Transforming the Medication Regimen Review Process Using Telemedicine to Prevent Adverse Events

J Am Geriatr Soc. 2021 Feb;69(2):530-538. doi: 10.1111/jgs.16946. Epub 2020 Nov 24.


Background/objectives: Federally-mandated consultant pharmacist-conducted retrospective medication regimen reviews (MRRs) are designed to improve medication safety in nursing homes (NH). However, MRRs are potentially ineffective. A new model of care that improves access to and efficiency of consultant pharmacists is needed. The objective of this study was to determine the impact of pharmacist-led telemedicine services on reducing high-risk medication adverse drug events (ADEs) for NH residents using medication reconciliation and prospective MRR on admission plus ongoing clinical decision support alerts throughout the residents' stay.

Design: Quality improvement study using a stepped-wedge design comparing the novel service to usual care in a one-year evaluation from November 2016 to October 2017.

Setting: Four NHs (two urban, two suburban) in Southwestern Pennsylvania.

Participants: All residents in the four NHs were screened. There were 2,127 residents admitted having 652 alerts in the active period.

Intervention: Upon admission, pharmacists conducted medication reconciliation and prospective MRR for residents and also used telemedicine for communication with cognitively-intact residents. Post-admission, pharmacists received clinical decision support alerts to conduct targeted concurrent MRRs and telemedicine.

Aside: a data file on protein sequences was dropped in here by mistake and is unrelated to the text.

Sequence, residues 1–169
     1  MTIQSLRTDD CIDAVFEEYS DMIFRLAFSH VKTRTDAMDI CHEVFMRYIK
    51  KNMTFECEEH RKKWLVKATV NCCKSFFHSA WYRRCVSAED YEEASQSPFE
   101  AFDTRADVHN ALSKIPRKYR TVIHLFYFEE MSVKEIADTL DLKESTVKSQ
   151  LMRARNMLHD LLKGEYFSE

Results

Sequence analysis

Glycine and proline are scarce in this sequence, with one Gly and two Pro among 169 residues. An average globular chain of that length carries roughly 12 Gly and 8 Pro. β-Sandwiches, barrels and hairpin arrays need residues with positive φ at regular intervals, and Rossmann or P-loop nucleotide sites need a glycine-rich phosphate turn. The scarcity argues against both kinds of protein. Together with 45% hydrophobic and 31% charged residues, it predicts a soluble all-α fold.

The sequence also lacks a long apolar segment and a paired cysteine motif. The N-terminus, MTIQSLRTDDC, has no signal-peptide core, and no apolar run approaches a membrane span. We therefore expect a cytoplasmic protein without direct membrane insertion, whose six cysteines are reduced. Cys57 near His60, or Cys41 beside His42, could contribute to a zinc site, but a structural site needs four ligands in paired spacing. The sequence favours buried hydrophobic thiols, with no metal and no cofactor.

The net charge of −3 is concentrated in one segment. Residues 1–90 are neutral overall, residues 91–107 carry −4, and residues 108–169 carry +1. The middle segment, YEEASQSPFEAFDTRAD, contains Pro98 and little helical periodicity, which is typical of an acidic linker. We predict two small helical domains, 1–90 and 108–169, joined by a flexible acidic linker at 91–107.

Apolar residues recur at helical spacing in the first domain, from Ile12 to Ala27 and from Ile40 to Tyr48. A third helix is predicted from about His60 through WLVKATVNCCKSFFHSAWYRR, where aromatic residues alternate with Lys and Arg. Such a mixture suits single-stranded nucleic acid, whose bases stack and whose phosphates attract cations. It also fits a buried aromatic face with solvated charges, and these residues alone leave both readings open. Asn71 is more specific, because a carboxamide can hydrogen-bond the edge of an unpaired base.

Measurement: Main outcome was incidence of high-risk medication, alert-specific ADEs. Secondary outcomes included all-cause hospitalization, 30-day readmission rates, and consultant pharmacists' recommendations.

Results: Consultant pharmacists provided 769 recommendations. The intervention group had a 92% lower incidence of alert-specific ADEs than usual care (9 vs 31; 0.14 vs 0.61/1,000-resident-days; adjusted incident rate ratio (AIRR) = 0.08 (95% confidence interval (CI) = 0.01-0.40]; P = .002). All-cause hospitalization was similar between groups (149 vs 138; 2.33 vs 2.70/1,000-resident-days; AIRR = 1.06 (95% CI = 0.72-1.58); P = .75), as were 30-day readmissions (110 vs 102; 1.72 vs 2.00/1,000-resident-days; AIRR = 1.21 (95% CI = 0.76-1.93); P = .42).

Conclusions: This is the first evaluation of the impact of pharmacist-led patient-centered telemedicine services to manage high-risk medications during transitional care and throughout the resident's NH stay, supporting a new model of patient care.

Keywords: adverse drug events; clinical decision support; medication errors; nursing home; telemedicine.

Publication types

  • Research Support, N.I.H., Extramural
  • Research Support, U.S. Gov't, P.H.S.

MeSH terms

  • Aftercare* / methods
  • Aftercare* / standards
  • Aftercare* / statistics & numerical data
  • Aged
  • Decision Support Systems, Clinical
  • Drug-Related Side Effects and Adverse Reactions / prevention & control*
  • Female
  • Homes for the Aged / standards*
  • Humans
  • Male
  • Medication Reconciliation* / methods
  • Medication Reconciliation* / trends
  • Medication Therapy Management / standards
  • Models, Organizational
  • Nursing Homes / standards*
  • Pharmacists
  • Professional Role
  • Quality Improvement
  • Telemedicine / methods*